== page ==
WASHINGTON -- Seventy years after the United States invented uranium enrichment, the sole U.S. company in the business is struggling to survive, while nuclear power experts worry that its failure would leave the Russians dominant in the market for fuel processing.
USEC Inc. of Bethesda has liquidated some of its valuable uranium inventories to stay afloat, as its income has declined because of changing market conditions. But it also has maintained a high dividend, bought back its own stock and spent lavishly on severance payments after frequent purges in the executive suite. The company spent more than $100 million on two new technologies for enrichment before abandoning them and embarking on a third.
"USEC has been a four-letter word in some circles," said its chief executive, John K. Welch, who was hired in October 2005 to save the company. Though he has taken steps to strengthen USEC, he said the problem now is to find a way to finance its new technology and become competitive in the world market.
Enrichment means sorting two types of uranium to raise the proportion of uranium 235, a step essential for use in American nuclear reactors. The government is promoting nuclear as a step toward energy independence.
The United States invented the process to build the bomb that destroyed Hiroshima in August 1945. Later, the United States offered enriched uranium to civil nuclear programs worldwide.
In the 1990s, the government privatized its antiquated enrichment plants. USEC closed one, in Piketon, Ohio, and still runs the other, in Paducah, Ky.
But the Paducah plant is a heavy user of costly electricity, which now amounts to more than 70 percent of USEC's costs. Centrifuges, which are used by almost all other enrichment plants, use only 5 percent of the electricity used by the Paducah plant.
In February, USEC announced that the centrifuges it was developing would cost $2.3 billion, up from a previous estimate of $1.7 billion, and would take an extra year to deploy. The company has already spent about $400 million on the centrifuges and is looking for financing to complete the project, which it is trying to build in Piketon.
"Most people expect that $2.3 billion is going to go up," said Paul R. Clegg, a stock analyst at Natexis Bleichroeder Inc.
The company has been involved in merger talks with several companies in the nuclear business, and the trade press has carried reports of other negotiations. But two people with knowledge of the talks said that they did not appear to be leading anywhere.
In addition to USEC's Paducah plant and its planned centrifuge project, a European consortium is building a centrifuge plant in Hobbs, N.M., that it calls the National Enrichment Facility, and General Electric is trying to commercialize an Australian enrichment technology called Silex.
Despite the challenges, and the fact that Welch eliminated the dividend, the stock price is strong. Market analysts say one reason is that the price of virgin uranium is so high that customers are demanding more enrichment work, thus driving up the price of the service that USEC provides. Some investors also see the company as a takeover target, or a likely beneficiary of government help.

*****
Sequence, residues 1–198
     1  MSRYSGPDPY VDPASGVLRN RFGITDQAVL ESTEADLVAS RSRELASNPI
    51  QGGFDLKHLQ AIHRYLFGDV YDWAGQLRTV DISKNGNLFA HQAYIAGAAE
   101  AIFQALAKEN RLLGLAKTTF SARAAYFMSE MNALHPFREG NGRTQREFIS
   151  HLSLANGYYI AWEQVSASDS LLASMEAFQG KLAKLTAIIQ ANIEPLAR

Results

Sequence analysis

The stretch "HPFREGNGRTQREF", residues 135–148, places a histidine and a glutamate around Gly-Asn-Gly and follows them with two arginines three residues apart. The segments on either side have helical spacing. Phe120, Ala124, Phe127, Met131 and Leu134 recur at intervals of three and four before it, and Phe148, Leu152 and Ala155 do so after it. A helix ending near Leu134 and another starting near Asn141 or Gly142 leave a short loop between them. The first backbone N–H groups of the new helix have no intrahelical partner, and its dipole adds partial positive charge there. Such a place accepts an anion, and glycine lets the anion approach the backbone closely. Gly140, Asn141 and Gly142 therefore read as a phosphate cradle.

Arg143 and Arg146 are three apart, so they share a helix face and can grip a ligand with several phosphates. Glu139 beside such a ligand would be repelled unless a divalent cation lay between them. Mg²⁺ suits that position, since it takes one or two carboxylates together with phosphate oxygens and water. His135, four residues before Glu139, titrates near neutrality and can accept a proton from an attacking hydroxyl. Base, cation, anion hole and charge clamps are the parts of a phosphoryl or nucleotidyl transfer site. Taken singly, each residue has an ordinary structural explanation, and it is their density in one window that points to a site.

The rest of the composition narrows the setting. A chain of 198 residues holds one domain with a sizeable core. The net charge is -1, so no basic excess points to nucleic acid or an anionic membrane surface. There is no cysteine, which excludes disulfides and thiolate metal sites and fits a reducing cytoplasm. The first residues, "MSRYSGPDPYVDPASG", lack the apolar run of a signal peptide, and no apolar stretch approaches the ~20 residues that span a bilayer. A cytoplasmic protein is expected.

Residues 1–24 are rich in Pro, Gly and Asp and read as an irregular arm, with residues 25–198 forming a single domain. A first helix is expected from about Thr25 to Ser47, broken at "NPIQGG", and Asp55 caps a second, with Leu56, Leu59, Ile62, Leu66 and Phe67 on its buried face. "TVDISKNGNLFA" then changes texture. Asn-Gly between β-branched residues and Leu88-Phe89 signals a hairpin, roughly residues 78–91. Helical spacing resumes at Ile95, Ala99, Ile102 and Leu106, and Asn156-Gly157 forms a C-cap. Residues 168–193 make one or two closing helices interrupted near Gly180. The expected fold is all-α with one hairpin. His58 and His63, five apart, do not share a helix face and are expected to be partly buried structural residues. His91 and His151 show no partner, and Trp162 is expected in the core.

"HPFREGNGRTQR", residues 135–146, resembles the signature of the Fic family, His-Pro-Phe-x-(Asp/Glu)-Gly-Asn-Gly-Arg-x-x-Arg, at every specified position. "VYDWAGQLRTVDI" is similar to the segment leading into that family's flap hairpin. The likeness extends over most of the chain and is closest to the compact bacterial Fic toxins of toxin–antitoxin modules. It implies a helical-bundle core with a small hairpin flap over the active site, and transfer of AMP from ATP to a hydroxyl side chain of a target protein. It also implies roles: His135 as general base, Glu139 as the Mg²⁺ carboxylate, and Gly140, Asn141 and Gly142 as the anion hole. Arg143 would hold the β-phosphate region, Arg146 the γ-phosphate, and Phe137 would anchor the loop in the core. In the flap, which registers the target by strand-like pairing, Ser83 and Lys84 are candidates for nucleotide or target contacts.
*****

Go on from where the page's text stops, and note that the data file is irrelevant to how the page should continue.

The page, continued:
USEC would like to acquire uranium from the Energy Department on favorable terms, to help provide funds for its centrifuge project. But the Energy Department appears to want a signal from Congress.
The government still owns the Paducah plant, and could take it over and give it to a contractor to run. Or it could allow USEC to operate in bankruptcy, although that would probably eliminate the company's ability to build a more modern plant.
The assistant secretary of energy for nuclear energy, Dennis R. Spurgeon, was USEC's executive vice president and chief operating officer until he left in 2003, receiving a payment of more than $5 million, according to Securities and Exchange Commission filings. Spurgeon, through a spokesman, declined repeated requests for an interview.
According to people close to the company, Spurgeon had clashed with the chief executive, William H. Timbers, as had other top officials. Timbers left the company in December 2004, after disagreements with the board. In February 2006, USEC agreed to pay him $14.5 million, according to SEC filings.
Some Democrats in Congress are demanding a full explanation of the departures of Timbers and others before they proceed with a discussion about how to help the company.
USEC has other problems as well. It also takes in enriched uranium from Russia, left over from Moscow's nuclear weapons program, under a program called Megatons to Megawatts. USEC dilutes the material to reactor grade under an agreement in operation since the early 1990s.
Half of the enrichment that the company sells is done under the terms of that agreement, which were locked in years ago, and it provides a substantial profit to USEC. But the agreement ends in 2013, after which Russia's Rosatom wants to deal directly with the nuclear utilities. Those utilities would like to do the same.